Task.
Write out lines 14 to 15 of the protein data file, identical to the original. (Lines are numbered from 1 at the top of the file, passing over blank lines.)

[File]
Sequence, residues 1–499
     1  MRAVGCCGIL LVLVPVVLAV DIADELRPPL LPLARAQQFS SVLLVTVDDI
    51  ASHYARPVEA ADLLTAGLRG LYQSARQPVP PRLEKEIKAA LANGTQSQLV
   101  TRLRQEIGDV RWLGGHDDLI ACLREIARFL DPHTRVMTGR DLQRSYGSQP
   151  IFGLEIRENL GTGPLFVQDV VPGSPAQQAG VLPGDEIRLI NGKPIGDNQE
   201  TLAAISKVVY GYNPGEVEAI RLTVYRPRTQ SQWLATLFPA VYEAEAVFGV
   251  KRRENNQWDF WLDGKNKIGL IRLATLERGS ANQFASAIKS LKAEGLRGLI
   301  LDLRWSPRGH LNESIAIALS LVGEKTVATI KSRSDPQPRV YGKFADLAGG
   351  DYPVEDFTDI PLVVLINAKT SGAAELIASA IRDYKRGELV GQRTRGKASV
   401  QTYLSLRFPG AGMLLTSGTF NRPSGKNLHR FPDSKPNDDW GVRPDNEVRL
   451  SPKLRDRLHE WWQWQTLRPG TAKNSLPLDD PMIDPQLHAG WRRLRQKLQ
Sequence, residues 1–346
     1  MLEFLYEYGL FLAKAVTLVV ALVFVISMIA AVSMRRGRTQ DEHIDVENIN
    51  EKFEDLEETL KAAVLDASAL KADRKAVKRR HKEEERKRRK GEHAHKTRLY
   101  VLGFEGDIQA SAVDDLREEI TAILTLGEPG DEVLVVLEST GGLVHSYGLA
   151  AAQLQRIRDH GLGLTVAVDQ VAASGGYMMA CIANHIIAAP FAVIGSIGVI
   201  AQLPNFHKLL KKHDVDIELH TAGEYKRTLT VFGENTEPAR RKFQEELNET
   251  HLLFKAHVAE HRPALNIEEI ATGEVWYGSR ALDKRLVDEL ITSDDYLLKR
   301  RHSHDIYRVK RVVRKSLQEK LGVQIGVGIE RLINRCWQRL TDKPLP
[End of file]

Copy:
    51  EKFEDLEETL KAAVLDASAL KADRKAVKRR HKEEERKRRK GEHAHKTRLY
   101  VLGFEGDIQA SAVDDLREEI TAILTLGEPG DEVLVVLEST GGLVHSYGLA